throwing them up against the wall, you‟re tying their hands behind their back, you‟re
dragging them out of the bed.

“You‟re dehumanizing them in front of their wives and their kids and, you know, the
women are crying and the children are crying and you‟re just like, whatever. Put a bag
over their head or blindfold, drag them into the Humvee.

“Certain exhibitions of violence on my part that were probably unnecessary — were
definitely unnecessary. But I was really stressed out and on edge at the time and I
conducted myself ... like that.”

   Scots Troops Deliberately Fail
    Drug Tests To Evade Afghan
   “I Heard Quite A Few Of The Guys
   Planning How They Were Going To
           Get Out Of Going”
[Thanks to Mark Shapiro, who sent this in.]

“We were shown videos and given intelligence briefings on the Taliban, telling us
how many men strong they are, what kind of weapons they are using and what we
would have to do to them. “I cannot go into detail because it‟s operational but I
can tell you that it was bloody terrifying for us all.

Nov 24 2007 By Janice Burns, Scottish Daily Record [Excerpts]

SCOTS soldiers enjoyed an orgy of drugs, sex and booze in Mexico as they prepared to
serve in Afghanistan.

Squaddies from the Argyll and Sutherland Highlanders told last night how their
comrades snorted cocaine, romped with prostitutes and guzzled tequila in Cancun.
The battalion‟s antics have earned them the nickname The Cancun Platoon.

The Record revealed this month that 17 Argylls from the trip are being kicked out of the
Army after failing drug tests.

Three other units joined the 400 Argylls on the jaunt.

One soldier told us: “I took a lot of coke when I was out there but I never got caught.

“I was surprised it was just 17 who tested positive. I still can‟t believe I got away with it.

The soldiers reckon many of the 17 soldiers who failed drug tests set out deliberately to
get caught to avoid being sent to Afghanistan.

They knew that under the Army‟s zero tolerance drugs policy, they would automatically
be kicked out if they tested positive.

A third soldier said: “A few days before we went to Cancun we all got a warning order
telling us what we were going to be doing in Afghanistan.

“We were told the risks and how we would need to carry World War kit.

“We were shown videos and given intelligence briefings on the Taliban, telling us how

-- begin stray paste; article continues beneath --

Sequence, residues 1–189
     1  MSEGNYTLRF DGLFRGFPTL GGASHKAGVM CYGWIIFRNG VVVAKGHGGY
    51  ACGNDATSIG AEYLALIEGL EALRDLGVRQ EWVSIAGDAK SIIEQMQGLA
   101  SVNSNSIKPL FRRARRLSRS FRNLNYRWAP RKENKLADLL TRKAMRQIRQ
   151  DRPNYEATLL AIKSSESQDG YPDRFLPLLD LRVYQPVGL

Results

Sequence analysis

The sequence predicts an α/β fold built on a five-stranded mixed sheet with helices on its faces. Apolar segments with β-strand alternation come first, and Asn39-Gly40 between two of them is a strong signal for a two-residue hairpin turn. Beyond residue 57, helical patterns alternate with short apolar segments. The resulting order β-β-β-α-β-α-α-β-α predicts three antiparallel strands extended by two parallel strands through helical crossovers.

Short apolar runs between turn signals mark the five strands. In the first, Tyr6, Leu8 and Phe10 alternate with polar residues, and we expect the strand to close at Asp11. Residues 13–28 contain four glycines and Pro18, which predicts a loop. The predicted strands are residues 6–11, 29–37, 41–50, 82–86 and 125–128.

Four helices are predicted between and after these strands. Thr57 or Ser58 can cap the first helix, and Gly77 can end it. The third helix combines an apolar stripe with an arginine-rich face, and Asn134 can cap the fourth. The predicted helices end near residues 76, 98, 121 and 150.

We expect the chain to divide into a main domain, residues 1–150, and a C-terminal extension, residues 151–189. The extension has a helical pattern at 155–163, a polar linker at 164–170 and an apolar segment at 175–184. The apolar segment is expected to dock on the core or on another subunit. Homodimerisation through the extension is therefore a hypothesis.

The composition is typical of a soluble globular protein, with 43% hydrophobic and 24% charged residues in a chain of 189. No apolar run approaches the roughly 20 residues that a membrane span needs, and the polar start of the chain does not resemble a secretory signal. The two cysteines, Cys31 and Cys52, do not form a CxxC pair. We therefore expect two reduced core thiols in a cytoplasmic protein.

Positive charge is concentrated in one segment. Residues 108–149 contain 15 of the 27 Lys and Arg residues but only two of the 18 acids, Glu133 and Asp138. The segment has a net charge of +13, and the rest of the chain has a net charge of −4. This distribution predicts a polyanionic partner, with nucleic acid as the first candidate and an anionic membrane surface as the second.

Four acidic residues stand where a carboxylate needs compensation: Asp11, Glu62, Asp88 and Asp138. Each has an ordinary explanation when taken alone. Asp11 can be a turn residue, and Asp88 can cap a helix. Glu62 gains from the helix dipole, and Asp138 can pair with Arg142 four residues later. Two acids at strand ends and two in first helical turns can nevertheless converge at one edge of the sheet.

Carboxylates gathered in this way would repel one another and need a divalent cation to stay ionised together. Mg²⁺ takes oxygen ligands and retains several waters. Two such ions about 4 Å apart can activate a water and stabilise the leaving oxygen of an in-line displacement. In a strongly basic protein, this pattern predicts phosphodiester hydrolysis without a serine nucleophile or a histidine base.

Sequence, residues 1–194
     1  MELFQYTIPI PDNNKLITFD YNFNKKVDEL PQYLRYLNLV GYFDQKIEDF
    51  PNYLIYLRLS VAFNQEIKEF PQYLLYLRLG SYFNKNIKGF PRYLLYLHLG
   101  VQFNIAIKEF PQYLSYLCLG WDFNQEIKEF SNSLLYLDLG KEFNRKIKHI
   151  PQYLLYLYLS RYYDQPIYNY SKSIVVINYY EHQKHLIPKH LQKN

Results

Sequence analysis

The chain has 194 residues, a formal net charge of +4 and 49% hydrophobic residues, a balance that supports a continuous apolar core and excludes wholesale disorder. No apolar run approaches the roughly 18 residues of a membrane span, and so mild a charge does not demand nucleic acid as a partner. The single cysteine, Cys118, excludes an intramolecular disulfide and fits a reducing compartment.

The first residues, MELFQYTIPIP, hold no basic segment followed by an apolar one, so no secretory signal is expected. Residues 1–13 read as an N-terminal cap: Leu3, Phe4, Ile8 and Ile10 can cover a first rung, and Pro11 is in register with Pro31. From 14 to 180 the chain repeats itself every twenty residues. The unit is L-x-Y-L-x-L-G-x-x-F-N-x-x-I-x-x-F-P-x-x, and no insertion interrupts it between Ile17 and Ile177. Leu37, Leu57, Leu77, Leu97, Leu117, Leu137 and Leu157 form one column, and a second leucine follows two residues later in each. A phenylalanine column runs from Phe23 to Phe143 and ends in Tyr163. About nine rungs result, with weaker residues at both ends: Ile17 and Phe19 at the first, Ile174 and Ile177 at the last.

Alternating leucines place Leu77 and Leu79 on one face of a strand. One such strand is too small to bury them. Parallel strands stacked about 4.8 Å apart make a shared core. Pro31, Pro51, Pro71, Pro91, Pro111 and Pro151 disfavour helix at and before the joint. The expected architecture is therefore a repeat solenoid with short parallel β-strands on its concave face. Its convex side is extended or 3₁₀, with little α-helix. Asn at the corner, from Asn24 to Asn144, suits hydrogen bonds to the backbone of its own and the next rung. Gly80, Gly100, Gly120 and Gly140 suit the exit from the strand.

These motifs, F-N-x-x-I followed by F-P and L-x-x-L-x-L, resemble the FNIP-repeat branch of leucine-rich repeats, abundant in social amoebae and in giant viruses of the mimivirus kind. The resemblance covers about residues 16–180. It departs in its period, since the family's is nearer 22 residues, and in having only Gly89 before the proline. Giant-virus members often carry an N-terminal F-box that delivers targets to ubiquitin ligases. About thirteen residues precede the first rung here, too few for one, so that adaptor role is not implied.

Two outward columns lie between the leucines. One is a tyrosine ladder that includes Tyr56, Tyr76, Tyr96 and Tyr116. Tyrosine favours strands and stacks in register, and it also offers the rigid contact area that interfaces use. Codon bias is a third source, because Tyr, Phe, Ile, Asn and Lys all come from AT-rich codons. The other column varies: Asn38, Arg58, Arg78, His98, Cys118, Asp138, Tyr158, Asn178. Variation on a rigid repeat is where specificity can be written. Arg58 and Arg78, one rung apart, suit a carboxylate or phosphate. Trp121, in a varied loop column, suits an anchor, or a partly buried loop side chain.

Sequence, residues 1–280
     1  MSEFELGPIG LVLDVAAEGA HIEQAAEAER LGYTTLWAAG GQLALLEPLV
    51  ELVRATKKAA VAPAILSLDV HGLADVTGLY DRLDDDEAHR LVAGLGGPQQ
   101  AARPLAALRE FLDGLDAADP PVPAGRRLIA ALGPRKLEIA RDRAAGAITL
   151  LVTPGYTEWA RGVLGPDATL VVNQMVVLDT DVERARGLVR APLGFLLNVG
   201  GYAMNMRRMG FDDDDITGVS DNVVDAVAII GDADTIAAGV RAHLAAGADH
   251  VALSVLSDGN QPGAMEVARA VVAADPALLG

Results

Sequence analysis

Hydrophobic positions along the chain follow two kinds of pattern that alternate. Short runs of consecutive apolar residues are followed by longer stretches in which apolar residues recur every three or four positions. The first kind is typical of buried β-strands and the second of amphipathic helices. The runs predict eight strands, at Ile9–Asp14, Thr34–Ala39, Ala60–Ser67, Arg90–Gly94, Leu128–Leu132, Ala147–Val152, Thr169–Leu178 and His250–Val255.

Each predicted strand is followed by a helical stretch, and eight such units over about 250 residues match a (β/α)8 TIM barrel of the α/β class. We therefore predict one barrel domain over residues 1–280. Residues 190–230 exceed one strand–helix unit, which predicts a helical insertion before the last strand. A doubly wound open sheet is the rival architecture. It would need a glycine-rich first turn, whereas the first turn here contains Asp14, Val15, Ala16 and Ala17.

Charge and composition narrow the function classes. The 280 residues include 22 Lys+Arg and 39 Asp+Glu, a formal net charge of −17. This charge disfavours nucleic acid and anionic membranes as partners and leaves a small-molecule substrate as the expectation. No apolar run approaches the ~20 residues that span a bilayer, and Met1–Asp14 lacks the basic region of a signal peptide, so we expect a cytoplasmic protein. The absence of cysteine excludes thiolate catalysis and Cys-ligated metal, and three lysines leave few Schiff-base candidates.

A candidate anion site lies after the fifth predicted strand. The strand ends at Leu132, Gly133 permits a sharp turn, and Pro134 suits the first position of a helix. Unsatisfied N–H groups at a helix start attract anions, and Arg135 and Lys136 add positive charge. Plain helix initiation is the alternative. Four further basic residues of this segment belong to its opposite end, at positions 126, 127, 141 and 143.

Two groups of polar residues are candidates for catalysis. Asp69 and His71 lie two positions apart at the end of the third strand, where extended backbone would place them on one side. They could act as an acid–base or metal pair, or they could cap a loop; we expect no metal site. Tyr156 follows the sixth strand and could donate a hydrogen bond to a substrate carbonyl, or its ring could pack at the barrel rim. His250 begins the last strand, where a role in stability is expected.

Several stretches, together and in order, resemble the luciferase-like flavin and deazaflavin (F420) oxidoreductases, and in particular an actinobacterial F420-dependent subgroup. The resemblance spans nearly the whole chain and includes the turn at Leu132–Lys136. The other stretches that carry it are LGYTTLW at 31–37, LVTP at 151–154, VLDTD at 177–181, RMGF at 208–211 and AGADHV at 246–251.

many men strong they are, what kind of weapons they are using and what we would
have to do to them.

“I cannot go into detail because it‟s operational but I can tell you that it was bloody
terrifying for us all.

“It was the first time it really sank in that we might not come home alive. There is a good
chance we‟ll get shot or blown up.

“A lot of the young ones just put their head in their hands and said „Jesus f***. I can‟t do
this‟. They were in a bit of a state.

“Most of the guys who got caught in the drugs tests were crapping themselves
about going to a war zone. They took the drugs to get thrown out.

“I heard quite a few of the guys planning how they were going to get out of going
to Afghanistan. Some were going to take drugs and others were going to go
AWOL during the month‟s leave we get before we go.

“We‟ll have to fill the gaps with the TA. I‟m really worried about that as well because
they‟ll go with hardly any training.”

The Argylls flew home to their base, Howe Barracks in Canterbury, Kent, after the
debauched Cancun break.

But even there, according to the soldiers, there were plenty of drugs on offer.
One said: “Drugs are rife in the barracks. You can get them from the pub across the
road, which is a drug den.

“The Army know about it. They have said anyone caught in there will be fined £1000.

“Last week, someone went in there and overdosed on cocaine and horse tranquillisers.

“He collapsed right outside the pub and his mate walked across the road to the guard
room and reported it.

“He was coked out of his nut and his eyes were like saucers. He was talking a
load of rubbish and saying „Does this mean I can get out?‟ and „Can I go home

“Both the boys wanted the Army to know they had been taking drugs so they
could get out.

“A lot have been kicked out over the past three years, but because it was dribs and
drabs it‟s never been in the papers.”

 “I Asked Sgt. Gaskins About His
Hopes For The Future. He Replied
      That He Has No Future”
11/22/07 By Robert C. Koehler, Chicago Tribune [Excerpts]

“I asked Sgt. Gaskins about his hopes for the future. He replied that he has no future.” —
psychotherapist Rosemary Masters

This is the cost of our wars, and sooner or later we need to begin paying down the debt.
But it is only payable in the devalued currency of the truth.

For now, Soldier, we‟re still in denial and you‟re under arrest.

Welcome to PTSD Nation.

Brad Gaskins, of Newark, N.J., was at one time as gung-ho as a soldier can get, the
ideal recruit, the boy with a hero‟s heart. He‟d been the starting quarterback on his high
school football team and had enlisted in the Army at age 17, while still a senior. That
was 1999.

He wanted to serve his country, fight hard, win a medal. He swelled with pride when he